History of Sharpening
A "sharpening culture" has existed in Japan since ancient times. The presence of the Wabocho Japanese knives became known because of their role in the preparation of sophisticated traditional Japanese cuisine while planes (tool for shaping wood) and chisels made their mark for their role in the construction of world-renowned cultural heritage buildings and so on. On top of that, the Japanese sword, which is a part of Japan’s traditional culture, has survived as a work of art, and the natural whetstone is integral to its shine and polish. In recent years, people have been switching to artificial whetstones but due to obvious differences in sharpness and finish, natural whetstones remain a firm favorite.
History of Whetstones
Whetstones have been used since days of old and can be traced back to the time when they were used to make polished stoneware. They were discovered in ruins of various eras from the Neolithic era onwards and can be said to be one of the earliest tools in history. From the ruins excavation sites, many rocks thought to have been used for polishing purposes were excavated and it is believed that their value as a commodity was recognized so much so that they were circulated as whetstones. Japan, possessing whetstones of excellent quality, developed advanced sharpening techniques which in turn made the production of blades of high hardness value possible. These developments then supported the evolution of the Japanese katana.
History of Japanese Kitchen Knives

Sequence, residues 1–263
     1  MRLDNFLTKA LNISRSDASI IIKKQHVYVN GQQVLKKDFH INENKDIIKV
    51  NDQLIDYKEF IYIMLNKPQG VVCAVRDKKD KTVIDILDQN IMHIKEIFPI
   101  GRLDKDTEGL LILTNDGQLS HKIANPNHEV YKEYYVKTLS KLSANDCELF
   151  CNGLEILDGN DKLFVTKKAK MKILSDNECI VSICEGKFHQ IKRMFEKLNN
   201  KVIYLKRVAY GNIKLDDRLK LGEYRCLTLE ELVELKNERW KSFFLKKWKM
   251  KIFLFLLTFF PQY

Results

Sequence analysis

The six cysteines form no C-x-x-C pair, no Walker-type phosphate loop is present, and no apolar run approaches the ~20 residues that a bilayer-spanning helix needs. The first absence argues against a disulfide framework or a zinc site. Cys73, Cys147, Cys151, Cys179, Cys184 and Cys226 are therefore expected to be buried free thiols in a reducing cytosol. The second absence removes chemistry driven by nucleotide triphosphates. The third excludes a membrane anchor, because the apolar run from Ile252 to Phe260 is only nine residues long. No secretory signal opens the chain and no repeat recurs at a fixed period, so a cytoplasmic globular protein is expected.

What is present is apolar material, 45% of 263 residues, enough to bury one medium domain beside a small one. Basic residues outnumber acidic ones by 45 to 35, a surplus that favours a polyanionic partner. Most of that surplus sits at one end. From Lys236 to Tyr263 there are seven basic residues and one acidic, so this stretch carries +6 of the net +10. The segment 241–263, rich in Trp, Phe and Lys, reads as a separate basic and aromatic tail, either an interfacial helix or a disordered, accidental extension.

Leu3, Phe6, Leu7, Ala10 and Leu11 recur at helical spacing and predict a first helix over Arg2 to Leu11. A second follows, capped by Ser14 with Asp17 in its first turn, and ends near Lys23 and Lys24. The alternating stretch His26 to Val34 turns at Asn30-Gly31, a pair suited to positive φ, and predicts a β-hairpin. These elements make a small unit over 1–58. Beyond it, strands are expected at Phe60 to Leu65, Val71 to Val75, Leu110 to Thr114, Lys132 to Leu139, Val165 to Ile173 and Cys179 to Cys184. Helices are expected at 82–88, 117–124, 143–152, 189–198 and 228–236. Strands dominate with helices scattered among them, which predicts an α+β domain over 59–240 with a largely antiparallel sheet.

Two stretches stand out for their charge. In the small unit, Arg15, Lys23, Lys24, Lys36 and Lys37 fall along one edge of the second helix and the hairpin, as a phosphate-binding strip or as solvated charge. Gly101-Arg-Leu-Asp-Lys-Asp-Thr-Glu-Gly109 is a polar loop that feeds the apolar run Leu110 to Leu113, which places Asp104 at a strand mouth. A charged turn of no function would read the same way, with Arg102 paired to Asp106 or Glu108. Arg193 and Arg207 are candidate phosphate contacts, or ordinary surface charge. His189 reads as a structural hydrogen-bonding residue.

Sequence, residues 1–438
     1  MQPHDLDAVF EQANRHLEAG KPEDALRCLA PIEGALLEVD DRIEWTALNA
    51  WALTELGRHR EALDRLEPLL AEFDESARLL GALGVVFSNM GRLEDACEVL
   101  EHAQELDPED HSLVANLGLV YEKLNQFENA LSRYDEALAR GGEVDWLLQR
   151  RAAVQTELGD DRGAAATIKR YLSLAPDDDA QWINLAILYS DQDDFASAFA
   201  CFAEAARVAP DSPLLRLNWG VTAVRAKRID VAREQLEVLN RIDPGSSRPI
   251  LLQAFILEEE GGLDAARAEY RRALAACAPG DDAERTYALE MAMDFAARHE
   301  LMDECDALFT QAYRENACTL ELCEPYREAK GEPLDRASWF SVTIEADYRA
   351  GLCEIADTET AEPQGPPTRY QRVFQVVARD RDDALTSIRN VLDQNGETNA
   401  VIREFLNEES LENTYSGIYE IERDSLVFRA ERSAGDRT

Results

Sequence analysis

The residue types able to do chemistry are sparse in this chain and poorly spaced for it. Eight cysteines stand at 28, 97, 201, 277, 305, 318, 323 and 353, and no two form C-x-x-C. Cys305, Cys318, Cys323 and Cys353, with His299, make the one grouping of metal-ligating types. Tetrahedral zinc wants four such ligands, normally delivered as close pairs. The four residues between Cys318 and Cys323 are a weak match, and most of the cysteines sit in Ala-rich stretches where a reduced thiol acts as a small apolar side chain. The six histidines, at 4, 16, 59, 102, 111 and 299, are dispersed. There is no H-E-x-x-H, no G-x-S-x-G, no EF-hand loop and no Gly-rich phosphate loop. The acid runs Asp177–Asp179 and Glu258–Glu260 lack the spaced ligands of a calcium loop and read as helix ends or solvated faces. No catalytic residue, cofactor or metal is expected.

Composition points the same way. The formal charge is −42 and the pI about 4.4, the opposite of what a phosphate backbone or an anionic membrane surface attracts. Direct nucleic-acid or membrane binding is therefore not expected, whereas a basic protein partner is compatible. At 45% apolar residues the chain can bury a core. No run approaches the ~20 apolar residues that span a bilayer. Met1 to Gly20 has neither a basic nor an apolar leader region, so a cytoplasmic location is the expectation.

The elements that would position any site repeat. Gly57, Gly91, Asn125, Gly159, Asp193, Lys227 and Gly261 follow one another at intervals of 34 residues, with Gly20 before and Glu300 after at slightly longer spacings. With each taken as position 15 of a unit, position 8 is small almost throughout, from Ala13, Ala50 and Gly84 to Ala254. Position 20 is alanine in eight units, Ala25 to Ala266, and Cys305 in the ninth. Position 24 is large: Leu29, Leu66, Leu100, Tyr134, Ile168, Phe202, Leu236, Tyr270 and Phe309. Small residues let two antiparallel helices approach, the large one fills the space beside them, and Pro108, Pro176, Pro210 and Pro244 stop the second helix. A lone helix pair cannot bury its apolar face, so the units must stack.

Between the mid-7th century and the mid-16th century, Japanese-sword type (entirely steel knives and single sided edge knives) knives were used and mainly for preparing fish. Also, around the mid-16th century, knives with a rounded point and body were thought to be used for cutting vegetables. After the Genroku era, kitchen knives with chins became mainstream and following that, in the Bunka and Bunsei era, nakiri, usuba and deba knife types came into the picture. After that came the yanigaba knife and unagisaki knife. The shape of the present Wabocho (Japanese kitchen knife) was established in the early to mid-18th century. During the Meiji era, Western style knives were brought into Japan and they were generally referred to as “gyu-to bocho (yo-to bocho)”. Entering the Showa era, the good qualities of Western knives and Japanese knives were brought together in the form of the “bunka bocho (katana style knives)” and then from there, the “santoku bocho”, a knife that is rounded off at the tip, was born. In present time, the latter is the most commonly used knife in the Japanese household.